Otogi: Myth of Demons

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Otogi: Myth of Demons
Developer(s) FromSoftware
Publisher(s) Sega
  • JP: FromSoftware
Director(s) Rintaro Yamada
Producer(s) Masanori Takeuchi
Designer(s) Daisuke Satake
Programmer(s) Takeshi Suzuki
Platform(s) Xbox
Release date(s)
  • JP: December 12, 2002
  • NA: August 27, 2003
  • EU: September 5, 2003
Genre(s) Hack and slash
Mode(s) Single-player

Otogi: Myth of Demons, known in Japan as simply Otogi (御伽?), is a hack and slash action video game developed by FromSoftware and published by Sega for the Xbox. The game was followed by a sequel, titled Otogi 2: Immortal Warriors, in 2003.


The game's protagonist Raikoh Minamoto (based on Minamoto no Yorimitsu) was born into a clan of executioners under the emperor's command. Raikoh was given the order to kill his own father. He couldn't bring himself to do it, so he stole Soul Shrine, his clan's ancestral sword, and fled the capital city of Kyoto. Upon his departure, the seal separating the demon and human worlds was broken. Kyoto was all but leveled and a wave of demons appeared. Raikoh was almost killed by the flood of darkness, but a princess banished to the netherworld saved him and held him in a state between life and death. The princess gave him a new body in exchange for his services. She would allow him to repent for his sins as an assassin by saving the world from the demons unleashed upon it. Raikoh begins his quest to restore the seal and stop the one responsible for its collapse.


Otogi boasted a number of notable features including destructible environments (for which the game awards the player) and an unusually high level count for a 3D action game (29 stages).


Aggregate score
Aggregator Score
Metacritic 80/100[1]
Review scores
Publication Score
EGM 8.33/10[2]
Eurogamer 6/10[3]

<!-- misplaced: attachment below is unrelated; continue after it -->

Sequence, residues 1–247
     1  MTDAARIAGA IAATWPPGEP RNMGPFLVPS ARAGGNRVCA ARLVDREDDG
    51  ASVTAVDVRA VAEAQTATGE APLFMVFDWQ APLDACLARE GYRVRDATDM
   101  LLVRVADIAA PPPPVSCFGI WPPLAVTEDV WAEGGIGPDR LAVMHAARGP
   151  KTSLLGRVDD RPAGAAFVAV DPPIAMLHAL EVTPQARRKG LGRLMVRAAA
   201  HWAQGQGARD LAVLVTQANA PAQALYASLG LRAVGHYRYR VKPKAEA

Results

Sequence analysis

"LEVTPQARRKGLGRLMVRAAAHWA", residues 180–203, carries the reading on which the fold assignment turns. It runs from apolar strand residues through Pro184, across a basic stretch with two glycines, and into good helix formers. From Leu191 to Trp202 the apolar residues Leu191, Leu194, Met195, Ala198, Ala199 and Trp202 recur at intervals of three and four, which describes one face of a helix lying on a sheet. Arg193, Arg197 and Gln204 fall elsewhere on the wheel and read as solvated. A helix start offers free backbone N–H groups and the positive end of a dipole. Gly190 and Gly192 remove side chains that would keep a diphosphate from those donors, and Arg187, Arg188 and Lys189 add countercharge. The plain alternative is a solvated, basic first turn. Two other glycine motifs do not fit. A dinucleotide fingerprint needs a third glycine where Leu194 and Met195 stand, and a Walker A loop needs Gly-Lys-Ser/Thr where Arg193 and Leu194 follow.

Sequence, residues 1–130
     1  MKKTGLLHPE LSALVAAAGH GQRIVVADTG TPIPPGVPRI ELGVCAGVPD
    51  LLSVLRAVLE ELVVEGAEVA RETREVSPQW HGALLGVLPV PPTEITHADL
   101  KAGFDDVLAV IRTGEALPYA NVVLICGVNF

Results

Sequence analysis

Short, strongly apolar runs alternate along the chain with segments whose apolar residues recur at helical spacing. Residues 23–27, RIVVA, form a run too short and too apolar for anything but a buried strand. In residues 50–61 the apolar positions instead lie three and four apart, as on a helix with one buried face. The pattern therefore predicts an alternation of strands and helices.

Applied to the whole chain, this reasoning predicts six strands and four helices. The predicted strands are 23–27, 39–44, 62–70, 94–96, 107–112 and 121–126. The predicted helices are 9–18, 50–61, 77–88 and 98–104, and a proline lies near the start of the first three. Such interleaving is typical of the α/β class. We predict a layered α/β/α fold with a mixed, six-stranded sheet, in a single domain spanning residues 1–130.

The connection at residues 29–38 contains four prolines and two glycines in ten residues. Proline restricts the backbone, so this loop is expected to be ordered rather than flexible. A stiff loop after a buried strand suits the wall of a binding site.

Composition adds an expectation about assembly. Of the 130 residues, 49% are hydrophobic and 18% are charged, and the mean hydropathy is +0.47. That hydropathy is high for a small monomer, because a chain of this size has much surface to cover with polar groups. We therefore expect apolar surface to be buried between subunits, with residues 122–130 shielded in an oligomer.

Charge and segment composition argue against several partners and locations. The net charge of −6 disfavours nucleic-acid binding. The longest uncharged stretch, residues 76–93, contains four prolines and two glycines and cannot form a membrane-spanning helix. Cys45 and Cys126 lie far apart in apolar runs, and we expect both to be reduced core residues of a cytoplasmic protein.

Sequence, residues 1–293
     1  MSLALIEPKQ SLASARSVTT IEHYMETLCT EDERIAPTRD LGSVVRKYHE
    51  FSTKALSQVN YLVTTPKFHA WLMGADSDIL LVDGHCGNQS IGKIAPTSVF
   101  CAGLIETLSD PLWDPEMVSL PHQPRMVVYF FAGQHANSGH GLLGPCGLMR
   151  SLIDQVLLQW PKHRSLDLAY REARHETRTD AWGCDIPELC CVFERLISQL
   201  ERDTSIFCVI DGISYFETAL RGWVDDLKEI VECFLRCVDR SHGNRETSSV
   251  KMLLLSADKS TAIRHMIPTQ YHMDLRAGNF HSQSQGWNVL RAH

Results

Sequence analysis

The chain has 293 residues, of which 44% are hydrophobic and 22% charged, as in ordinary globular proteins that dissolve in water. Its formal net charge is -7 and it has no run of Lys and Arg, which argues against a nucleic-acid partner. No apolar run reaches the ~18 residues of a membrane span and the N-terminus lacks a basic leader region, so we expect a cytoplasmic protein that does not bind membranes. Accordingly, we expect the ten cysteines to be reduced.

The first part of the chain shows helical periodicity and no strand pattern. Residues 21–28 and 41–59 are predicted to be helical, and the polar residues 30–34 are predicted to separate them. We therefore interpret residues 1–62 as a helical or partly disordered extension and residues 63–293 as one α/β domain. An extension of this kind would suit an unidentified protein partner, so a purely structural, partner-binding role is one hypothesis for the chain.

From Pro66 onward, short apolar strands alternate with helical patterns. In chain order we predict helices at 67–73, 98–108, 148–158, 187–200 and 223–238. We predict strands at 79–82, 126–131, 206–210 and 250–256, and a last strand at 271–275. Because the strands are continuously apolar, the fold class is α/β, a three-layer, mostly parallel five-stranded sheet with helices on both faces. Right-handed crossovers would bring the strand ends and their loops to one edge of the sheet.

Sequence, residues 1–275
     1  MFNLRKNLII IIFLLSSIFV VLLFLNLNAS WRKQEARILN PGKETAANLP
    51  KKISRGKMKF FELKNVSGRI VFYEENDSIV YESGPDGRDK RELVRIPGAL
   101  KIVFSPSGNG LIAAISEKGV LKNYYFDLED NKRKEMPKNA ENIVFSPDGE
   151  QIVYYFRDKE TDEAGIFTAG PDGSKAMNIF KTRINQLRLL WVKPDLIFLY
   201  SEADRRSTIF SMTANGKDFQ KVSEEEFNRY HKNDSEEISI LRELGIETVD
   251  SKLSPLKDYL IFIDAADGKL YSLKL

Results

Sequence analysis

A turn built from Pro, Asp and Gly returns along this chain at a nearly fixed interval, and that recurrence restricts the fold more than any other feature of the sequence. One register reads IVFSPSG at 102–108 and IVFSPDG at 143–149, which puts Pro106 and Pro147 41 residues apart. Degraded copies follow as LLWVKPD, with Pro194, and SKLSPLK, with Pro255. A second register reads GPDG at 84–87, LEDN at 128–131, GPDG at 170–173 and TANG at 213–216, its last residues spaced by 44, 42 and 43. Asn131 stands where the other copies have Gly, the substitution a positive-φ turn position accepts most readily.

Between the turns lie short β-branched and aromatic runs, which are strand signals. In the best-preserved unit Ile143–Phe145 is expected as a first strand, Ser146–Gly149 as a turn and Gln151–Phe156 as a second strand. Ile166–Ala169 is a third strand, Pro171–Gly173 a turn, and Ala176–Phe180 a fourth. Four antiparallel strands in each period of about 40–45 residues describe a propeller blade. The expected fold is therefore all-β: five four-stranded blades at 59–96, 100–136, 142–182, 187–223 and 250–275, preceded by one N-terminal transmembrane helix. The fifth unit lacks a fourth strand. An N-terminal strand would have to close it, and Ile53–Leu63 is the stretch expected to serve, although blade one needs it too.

Famitsu 31/40[4]
Game Informer 6.75/10[5]
GamePro 3.5/5 stars[6]
Game Revolution B[7]
GameSpot 8.4/10[8]
GameSpy 4/5 stars[9]
GameZone 9.4/10[10]
IGN 8.3/10[11]
OXM 9/10[12]

The gave received "favorable" reviews according to video game review aggregator Metacritic.[1] In Japan, Famitsu gave it a score of 31 out of 40.[4]


  1. ^ a b "Otogi: Myth of Demons for Xbox Reviews". Metacritic. Retrieved December 18, 2015. 
  2. ^ EGM staff (October 2003). "Otogi: Myth of Demons". Electronic Gaming Monthly (171): 154. Archived from the original on June 26, 2004. Retrieved December 19, 2015. 
  3. ^ Reed, Kristan (October 7, 2003). "Otogi - Myth of Demons". Eurogamer. Retrieved December 19, 2015. 
  4. ^ a b "Xbox - O・TO・GI -御伽-". Famitsu. 915: 108. June 30, 2006. 
  5. ^ "Otogi: Myth of Demons". Game Informer (126): 133. October 2003. 
  6. ^ Pong Sifu (August 27, 2003). "Otogi: Myth of Demons Review for Xbox on GamePro.com". GamePro. Archived from the original on February 12, 2005. Retrieved December 19, 2015. 
  7. ^ Liu, Johnny (September 2003). "Otogi [Myth of Demons] Review". Game Revolution. Retrieved December 19, 2015. 
  8. ^ Kasavin, Greg (August 25, 2003). "Otogi: Myth of Demons Review". GameSpot. Retrieved December 19, 2015. 
  9. ^ Vassar, Darryl (September 5, 2003). "GameSpy: Otogi: Myth of Demons". GameSpy. Archived from the original on November 5, 2005. Retrieved December 19, 2015. 
  10. ^ Raymond, Justin (September 8, 2003). "Otogi - Myth of Demons Review". GameZone. Archived from the original on October 7, 2008. Retrieved December 19, 2015. 
  11. ^ Goldstein, Hilary (August 22, 2003). "Otogi: Myth of Demons Review". IGN. Retrieved December 19, 2015. 
  12. ^ "Otogi: Myth of Demons". Official Xbox Magazine: 68. October 2003. 

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